Card.io, the mobile payments startup which recently partnered with PayPal on the company’s new Square rival PayPal Here, has some big news: it’s no longer a “mobile” payments startup. That’s right – Card.io is now available for the web, too. With the launch of Card.io Webscan, as it’s being called, web developers can access the company’s card-reading technology which “sees” your credit or debit card when held up to a computer’s webcam.
The move puts Card.io in more direct competition with Jumio, a payments company which already offers both an online and mobile solution and that works in a similar fashion to Card.io. In terms of funding, however, Jumio is in the lead – the company raised $25.5 million of Series B funding in a round led by top VC firm Andreessen Horowitz this March, which puts it far ahead of Card.io, with its $1 million in seed investments.
Until now, the biggest difference between the two companies was that Jumio was focused on cross-platform support, while Card.io only supported mobile.
Jumio debuted its Netswipe technology (the webcam-based product) last year, and has been working to partner with e-commerce retailers to implement the technology during the merchant’s checkout process. Jumio, has recently been moving beyond payments, too, with the introduction of “Netverify,” a technology for online merchants that can verify a user’s identity by reading their ID card when held up to the camera. Reportedly, several banks are interested in this technology both for web and mobile use.
Card.io, meanwhile, has been on a different trajectory. Instead of launching first with support for the web, the company released an SDK for mobile developers that allowed them to integrate the card-reading function into their mobile apps. The product became available first on iOS in June, then arrived on Android in September, at which point 80 some developers had already integrated the toolkit. By January, that number had topped 160, and today, they’re over 200.
The other key difference between Jumio and Card.io, in the past, was how the services operated. Although both use computer vision techniques to see the card in question, then save the user the trouble of manual entry, Jumio let merchants either use their own merchant accounts or its payments network in order to process transactions.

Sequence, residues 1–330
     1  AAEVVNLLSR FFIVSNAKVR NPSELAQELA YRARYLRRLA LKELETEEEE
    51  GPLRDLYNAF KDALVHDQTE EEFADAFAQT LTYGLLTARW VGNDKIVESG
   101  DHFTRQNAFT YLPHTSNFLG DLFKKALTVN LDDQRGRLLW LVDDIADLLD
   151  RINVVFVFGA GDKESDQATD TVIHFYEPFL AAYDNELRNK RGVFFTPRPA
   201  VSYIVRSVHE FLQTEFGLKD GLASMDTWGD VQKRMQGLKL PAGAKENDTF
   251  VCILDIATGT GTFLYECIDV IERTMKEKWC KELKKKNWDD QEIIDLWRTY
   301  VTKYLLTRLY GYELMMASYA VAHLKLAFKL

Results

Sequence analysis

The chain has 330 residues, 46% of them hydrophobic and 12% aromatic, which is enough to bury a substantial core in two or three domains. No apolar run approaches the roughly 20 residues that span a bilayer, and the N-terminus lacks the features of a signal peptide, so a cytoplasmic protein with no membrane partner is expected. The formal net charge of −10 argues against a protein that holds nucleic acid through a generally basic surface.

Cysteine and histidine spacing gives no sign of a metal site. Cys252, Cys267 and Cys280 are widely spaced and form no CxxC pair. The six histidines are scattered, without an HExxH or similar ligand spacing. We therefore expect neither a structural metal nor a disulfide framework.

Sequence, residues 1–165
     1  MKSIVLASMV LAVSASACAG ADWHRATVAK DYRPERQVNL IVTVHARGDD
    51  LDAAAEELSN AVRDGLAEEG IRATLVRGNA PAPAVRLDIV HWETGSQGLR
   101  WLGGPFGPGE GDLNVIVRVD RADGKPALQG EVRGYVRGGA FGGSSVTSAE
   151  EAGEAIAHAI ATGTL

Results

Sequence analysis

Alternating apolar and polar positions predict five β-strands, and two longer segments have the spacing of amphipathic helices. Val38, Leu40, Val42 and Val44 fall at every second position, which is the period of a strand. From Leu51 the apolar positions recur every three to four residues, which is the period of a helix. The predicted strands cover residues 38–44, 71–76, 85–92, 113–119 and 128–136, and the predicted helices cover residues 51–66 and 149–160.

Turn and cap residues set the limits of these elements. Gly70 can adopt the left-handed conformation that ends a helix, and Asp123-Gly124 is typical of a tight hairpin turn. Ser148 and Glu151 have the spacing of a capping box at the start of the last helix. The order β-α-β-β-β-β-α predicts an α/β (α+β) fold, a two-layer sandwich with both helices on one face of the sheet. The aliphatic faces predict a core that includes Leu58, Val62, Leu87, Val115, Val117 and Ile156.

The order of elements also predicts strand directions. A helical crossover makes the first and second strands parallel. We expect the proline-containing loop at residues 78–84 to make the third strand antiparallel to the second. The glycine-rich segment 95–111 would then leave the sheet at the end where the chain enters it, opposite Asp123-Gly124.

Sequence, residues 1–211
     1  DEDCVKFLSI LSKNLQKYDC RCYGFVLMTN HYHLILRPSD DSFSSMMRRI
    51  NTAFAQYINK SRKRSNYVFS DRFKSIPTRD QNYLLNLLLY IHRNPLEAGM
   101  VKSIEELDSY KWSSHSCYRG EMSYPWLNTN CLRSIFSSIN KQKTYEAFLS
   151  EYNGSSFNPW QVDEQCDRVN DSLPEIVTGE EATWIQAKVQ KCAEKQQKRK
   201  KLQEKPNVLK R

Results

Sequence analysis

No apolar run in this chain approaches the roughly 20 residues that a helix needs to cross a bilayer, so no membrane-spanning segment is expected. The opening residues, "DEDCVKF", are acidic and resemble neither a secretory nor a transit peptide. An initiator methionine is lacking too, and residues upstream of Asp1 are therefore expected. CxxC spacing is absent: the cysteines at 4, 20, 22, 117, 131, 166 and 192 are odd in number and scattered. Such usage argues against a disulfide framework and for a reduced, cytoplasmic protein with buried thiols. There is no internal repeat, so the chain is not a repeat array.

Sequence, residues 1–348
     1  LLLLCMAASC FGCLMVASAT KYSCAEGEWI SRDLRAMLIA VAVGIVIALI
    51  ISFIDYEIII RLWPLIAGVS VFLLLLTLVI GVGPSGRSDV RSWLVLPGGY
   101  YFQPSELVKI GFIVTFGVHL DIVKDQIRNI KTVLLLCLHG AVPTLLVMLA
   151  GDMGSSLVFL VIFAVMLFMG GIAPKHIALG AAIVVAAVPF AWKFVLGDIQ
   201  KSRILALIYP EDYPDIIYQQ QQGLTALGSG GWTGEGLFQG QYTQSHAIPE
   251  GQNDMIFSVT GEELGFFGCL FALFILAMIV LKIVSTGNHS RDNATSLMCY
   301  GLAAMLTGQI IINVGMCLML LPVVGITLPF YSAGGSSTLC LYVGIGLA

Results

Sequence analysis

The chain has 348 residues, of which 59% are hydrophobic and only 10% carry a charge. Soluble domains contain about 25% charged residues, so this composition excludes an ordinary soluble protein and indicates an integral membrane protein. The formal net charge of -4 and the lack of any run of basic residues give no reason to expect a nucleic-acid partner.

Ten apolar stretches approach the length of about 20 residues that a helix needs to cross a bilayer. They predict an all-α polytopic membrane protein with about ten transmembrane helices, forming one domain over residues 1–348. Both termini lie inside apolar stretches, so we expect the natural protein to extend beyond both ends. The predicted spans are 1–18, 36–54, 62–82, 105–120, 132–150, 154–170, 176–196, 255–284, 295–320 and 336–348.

At launch, though, Card.io required developers to use the merchant accounts they already had in place. Depending on who you asked, that was either a feature or cause for complaint – some would say that Jumio was easier because it didn’t require developers to have merchant accounts of their own, while others would say that Card.io was easier because it didn’t require developers to add a new processor.
However, at the beginning of the year, when Card.io launched its person-to-person, consumer-facing app, it also dropped the requirement for developers to use their own merchant account. Today, it supports either method, meaning developers can use their own processor if they choose, or they can use Card.io as a complete end-to-end solution for handling transactions.
In other words, Card.io has been busy becoming less differentiated from Jumio over time, and today’s added support for webcams is just another example of that.
CEO Mike Mettler tells me that Card.io decided to move to support web developers at the request of some online merchants the company had been talking to.
“[The merchants] told us that chargebacks and fraud online were a huge problem. The vast majority of this fraud originates with users who don’t have the physical credit card in their possession, and we were asked whether we could solve this problem,” he says. “We spent the last week hacking something together, and it’s a really great user experience.”
Developers interested in trying out the new web option can view an online demo here and read more about the technology. The integration page here explains how the in-browser application works, and the other requirements.
The product is still in beta, so it’s being made available for free (up to 100 scans per day) through July 1st.